The Brookings Institution
recently released the Index of State Weakness in the Developing World
, which finds that extreme poverty and recent experience with conflict correlate strongly with state weakness or failure
. Topping the index are Somalia, Afghanistan, the Democratic Republic of the Congo, and Iraq, all current or recent hosts to severe conflict. The report, co-authored by Brookings Senior Fellow Susan E. Rice and Center for Global Development
(CGD) Research Fellow Stewart Patrick, is intended to serve as a tool for policymakers.
Rather than focusing exclusively on a single measure of performance or attempting to sharpen the often-murky distinction between “effectiveness” and “legitimacy,” as many rankings do, Rice and Patrick evaluate every developing country across 20 indicators—each a proxy for a core state function—in four “baskets” of government performance (economic, political, security, and social welfare).
Eight countries appear in the top (i.e., worst) 10 of both the Brookings index and the well-known Failed States Index published annually in Foreign Policy magazine. However, Rice and Patrick employ—uniquely, they say—fully transparent metrics, introduce policy prescriptions, and assess a broader-than-usual swath of government performance in the hopes of creating a more precise and practical description of current circumstances.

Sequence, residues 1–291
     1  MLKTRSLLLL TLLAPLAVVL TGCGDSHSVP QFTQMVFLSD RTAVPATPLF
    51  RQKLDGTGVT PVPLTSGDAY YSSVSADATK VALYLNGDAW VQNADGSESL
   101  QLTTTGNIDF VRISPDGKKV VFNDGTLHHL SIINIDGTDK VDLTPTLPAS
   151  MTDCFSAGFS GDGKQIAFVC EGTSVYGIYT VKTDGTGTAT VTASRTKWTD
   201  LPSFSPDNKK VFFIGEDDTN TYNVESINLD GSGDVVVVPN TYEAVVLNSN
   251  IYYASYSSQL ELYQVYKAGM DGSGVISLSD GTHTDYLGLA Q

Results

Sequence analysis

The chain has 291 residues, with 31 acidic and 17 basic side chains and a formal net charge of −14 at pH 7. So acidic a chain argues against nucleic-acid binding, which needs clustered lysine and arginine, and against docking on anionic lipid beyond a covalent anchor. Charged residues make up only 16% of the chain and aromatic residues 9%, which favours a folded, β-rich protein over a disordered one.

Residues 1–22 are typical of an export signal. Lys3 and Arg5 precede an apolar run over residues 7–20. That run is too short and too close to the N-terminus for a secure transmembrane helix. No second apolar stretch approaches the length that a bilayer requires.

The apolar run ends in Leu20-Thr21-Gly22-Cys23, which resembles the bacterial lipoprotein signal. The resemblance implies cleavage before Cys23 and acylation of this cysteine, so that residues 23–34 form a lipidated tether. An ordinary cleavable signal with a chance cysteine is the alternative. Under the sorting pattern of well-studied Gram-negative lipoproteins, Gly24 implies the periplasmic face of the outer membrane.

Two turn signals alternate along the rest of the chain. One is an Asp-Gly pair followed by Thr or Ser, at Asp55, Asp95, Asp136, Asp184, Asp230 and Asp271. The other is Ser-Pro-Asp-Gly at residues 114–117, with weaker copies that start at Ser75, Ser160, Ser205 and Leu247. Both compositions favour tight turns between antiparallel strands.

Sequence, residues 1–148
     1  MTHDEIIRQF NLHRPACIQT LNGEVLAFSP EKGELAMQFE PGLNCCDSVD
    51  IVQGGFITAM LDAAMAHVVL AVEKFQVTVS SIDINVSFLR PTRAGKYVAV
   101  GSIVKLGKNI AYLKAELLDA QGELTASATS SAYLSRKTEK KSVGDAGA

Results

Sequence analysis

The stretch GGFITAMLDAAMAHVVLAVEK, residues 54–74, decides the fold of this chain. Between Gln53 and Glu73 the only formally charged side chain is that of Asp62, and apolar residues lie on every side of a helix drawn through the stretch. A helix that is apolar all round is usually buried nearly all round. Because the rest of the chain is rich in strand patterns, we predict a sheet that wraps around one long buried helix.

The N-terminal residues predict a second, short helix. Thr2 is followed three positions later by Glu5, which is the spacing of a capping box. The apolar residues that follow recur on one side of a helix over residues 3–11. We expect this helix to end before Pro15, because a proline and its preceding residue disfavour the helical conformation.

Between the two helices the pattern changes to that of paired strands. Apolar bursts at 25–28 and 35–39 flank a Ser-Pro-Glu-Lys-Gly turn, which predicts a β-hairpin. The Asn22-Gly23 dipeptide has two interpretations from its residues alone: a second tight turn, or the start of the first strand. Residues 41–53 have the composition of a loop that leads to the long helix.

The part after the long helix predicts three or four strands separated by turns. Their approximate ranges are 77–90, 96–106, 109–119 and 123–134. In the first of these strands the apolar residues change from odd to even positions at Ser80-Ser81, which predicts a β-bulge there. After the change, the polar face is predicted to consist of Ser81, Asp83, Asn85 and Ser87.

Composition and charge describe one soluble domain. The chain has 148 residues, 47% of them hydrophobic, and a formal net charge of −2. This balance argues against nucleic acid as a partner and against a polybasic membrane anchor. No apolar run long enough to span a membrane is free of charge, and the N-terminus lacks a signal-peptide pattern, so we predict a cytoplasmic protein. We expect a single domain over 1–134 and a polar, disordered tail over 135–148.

Since September 11, 2001, the security community has paid increasing attention to the threats that weak or failed states pose to the United States. The 2002 National Security Strategy asserted that weak and failing states “pose as great a danger to our national interest as strong states.” A 2004 Christian Science Monitor op-ed by two CGD experts on weak states declared that “where poor states lose control, it’s often Americans who pay the price.” Weak or failed states are susceptible to “a host of transnational security threats,” argue Rice and Patrick, “including terrorism, weapons proliferation, organized crime, infectious disease, environmental degradation, and civil conflicts that spill over borders.”
Tucked in with the report’s policy implications is a recommendation that the United States support multi-sector aid programs that simultaneously address security issues and other drivers of state weakness, including lack of access to water and sanitation. The Environmental Change and Security Program recently hosted a panel discussion exploring the efficacy of a multi-sector approach to development.